• Warm the remaining 1 tablespoon oil over medium-high heat. Saute the shallots until soft and translucent, about 3 minutes. Add the garlic and saute 30 seconds, until fragrant. Sprinkle the shallots and garlic with the flour and saute 2 minutes. Add the Marsala, the sherry, the thyme, the remaining ½ teaspoon salt and the pepper, scraping up any browned bits from the bottom of the pan. Reduce the heat to medium and simmer about 7 minutes, until the sauce is reduced by half. Return the mushrooms to the skillet and heat through. Taste and adjust the salt and pepper. • Divide the polenta between the plates and add the mushroom mixture, then top with the Brussels sprouts. Garnish with the parsley before serving.
BUY IT Paolo Lazzaroni & Figli Marsala, $14. Parker’s Table, 7118 Oakland Ave., Richmond Heights, 314.645.2050, parkerstable.com
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MAKE THIS THAI NOODLES WITH GAI LAN ACTIVE TIME: 15 MINUTES
Skip the Thai takeout and put this dish on the table in 15 MAKE THIS minutes flat. In a medium bowl, pour boiling water over 14 ounces rice stick noodles and let sit 7 minutes. Drain and rinse the noodles then toss them with 2 tablespoons sesame oil. In a small bowl, combine ¹∕³ cup soy sauce, 2 tablespoons sugar, 1½ tablespoons chile-garlic sauce, 1 tablespoon grated ginger and 2 teaspoons rice vinegar. Set aside. In a large skillet or wok over high heat, warm 3 tablespoons vegetable oil. Add the noodles to the skillet with 6 cups roughly chopped gai lan. Saute 2 minutes, then stir in the sauce and cook 1 to 2 minutes more. Garnish with ¹∕³ cup each chopped basil, cilantro and mint; 1∕4 cup chopped peanuts; and lime wedges. – Dee Ryan
PHOTO BY GREG RANNELLS
Gai lan, also known as Chinese broccoli, is available at most international grocery stores and Asian markets. You can substitute chard, kale or spinach, too. December 2016
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B E S T N E W R E S T A U R A N T S To be the best, everything matters â€“ atmosphere, service and food. Here, the places that dazzled us from the moment they opened: St. Louisâ€™ 10 best new restaurants of 2016.
BY // heather hughes, catherine klene, tiffany leong and meera nagarajan PHOTOS BY // jonathan gayman, elizabeth maxson, cory miller, dave moore,
greg rannells and carmen troesser
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PHOTO BY GREG RANNELLS
S A R D E L L A
this year's best new restaurant
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S A R D E L L A
on the menu) never tasted so good. Same goes for the thinly sliced bavette steak: We don’t care why it’s topped with miso butter, we’re just glad that it is. Or the marinated sunchoke with a tender, acidic base joined by rich prosciutto and a kick of jalapeno – don’t ask questions, just eat. In this dance of Italian plates moving to various Asian, African or Mexican beats, diners have as much fun as the kitchen.
So what kind of place is Sardella? “That’s the toughest question,” Craft said. “I think it’s our restaurant … [We’re] getting to have fun, getting to cook the food we want to cook.” It’s a place of freedom – even improvisation – for a team nationally famous for precision and adherence to Niche’s restrictive Missouri-only sourcing.
“At Niche, we were the special occasion restaurant, the nicest restaurant in town,” said general manager Chris Kelling. “But here, we just want to be the most fun.”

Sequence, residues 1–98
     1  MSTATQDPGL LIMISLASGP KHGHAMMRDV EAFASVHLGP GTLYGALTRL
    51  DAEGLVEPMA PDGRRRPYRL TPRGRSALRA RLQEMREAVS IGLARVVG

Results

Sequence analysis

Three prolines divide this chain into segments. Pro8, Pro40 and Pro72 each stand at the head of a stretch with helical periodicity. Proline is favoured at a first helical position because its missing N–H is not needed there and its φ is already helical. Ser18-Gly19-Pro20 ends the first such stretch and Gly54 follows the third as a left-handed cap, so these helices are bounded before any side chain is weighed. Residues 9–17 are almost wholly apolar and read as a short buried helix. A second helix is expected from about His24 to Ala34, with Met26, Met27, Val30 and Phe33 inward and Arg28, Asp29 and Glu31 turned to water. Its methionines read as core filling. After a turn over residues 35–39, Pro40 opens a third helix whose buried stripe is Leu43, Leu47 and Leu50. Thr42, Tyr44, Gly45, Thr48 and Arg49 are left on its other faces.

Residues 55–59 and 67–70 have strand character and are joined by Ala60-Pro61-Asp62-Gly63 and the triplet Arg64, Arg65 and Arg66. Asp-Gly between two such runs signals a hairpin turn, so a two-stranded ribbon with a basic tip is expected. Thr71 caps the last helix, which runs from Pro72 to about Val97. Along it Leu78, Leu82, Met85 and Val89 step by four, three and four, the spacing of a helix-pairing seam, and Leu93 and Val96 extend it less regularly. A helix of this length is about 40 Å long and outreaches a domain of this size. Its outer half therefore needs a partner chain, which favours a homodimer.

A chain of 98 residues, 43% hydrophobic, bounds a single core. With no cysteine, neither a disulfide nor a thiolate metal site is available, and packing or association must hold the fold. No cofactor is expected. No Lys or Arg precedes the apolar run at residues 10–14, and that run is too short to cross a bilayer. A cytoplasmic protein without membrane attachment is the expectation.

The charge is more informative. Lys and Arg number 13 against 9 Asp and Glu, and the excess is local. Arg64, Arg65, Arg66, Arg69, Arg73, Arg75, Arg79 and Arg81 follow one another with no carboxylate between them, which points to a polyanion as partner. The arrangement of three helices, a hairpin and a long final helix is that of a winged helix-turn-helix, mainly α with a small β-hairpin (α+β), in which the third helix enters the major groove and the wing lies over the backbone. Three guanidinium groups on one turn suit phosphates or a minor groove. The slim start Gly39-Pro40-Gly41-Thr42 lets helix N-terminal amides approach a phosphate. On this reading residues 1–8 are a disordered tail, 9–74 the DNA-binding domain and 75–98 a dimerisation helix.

above left: the interior at sardella
Even on a Monday night, the energy is high. The music is louder, the drinks better, the clientele hipper. It’s too lively to feel formal. It feels cool.
above right: from left, executive chef nick blue, chefowner gerard craft and general manager chris kelling
Sardella’s concept is more suggestion than mandate: food shaped by Italy, rather than Italian food. That may seem like semantics, but the freedom is in the phrasing. “It’s a slight direction,” Craft said. “Sardella is influenced by Italy, but it’s not straight Italian. Honestly, it would confuse many Italians. My greatest example is the green bean dish. It’s green beans on garam and roasted garlic custard with crispy garlic and Calabrian chile vinaigrette. It’s a dish that’s so Italian ingredient-wise, and so un-Italian any other way. When you eat it, it feels Southeast Asian.” Italian, Southeast Asian, Missourian – one bite of this shockingly rich and savory vegetable small plate and you won’t care how it got here. Green beans (or the charred squash version now
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Talk to any Niche veteran on Sardella’s team, and you can see that relief, like loosening one’s tie at the end of a long day (literally – servers now wear black jeans and chambray shirts). The whole space has undergone a parallel stylish, casual makeover. The long wood bar is flanked by bookshelves. Servers weave between closer, smaller tables. The once cavernous ceiling was lowered over a wall-length butter-soft leather banquette. There are hanging plants, sardine tins and a general sense of lightness: blond wood, white walls, smiling faces. With Craft, executive chef Nick Blue and executive pastry chef Sarah Osborn in the kitchen we expected the food to impress, but it’s the
atmosphere, the posture of Sardella that’s most striking. This is a restaurant full of people doing what they love in the way they want to do it. previous page: beet tartare from sardella
opposite page: misoricotta ravioli with orange, pepitas, brown butter and tarragon
“It sounds cliche, but I get to throw a party seven nights a week,” Kelling said. “I enjoy doing it. I feel that energy transfers to the team, to the guest, and it’s all reciprocal.” We feel it, too. The intimidation of fine-dining service (that sense of attempting a dance to which many don’t know the steps) is gone from Sardella, with no great loss. But anyone who’s ever hosted knows how hard it is to make a party look this effortless. “We don’t have rules for rules’ sake, because then it stops being a service,” Kelling said. “Everything is about the flow for the guest. It’s got to be smooth and have precision. … If we just create a platform for the guest to enjoy themselves, then we do a good job.”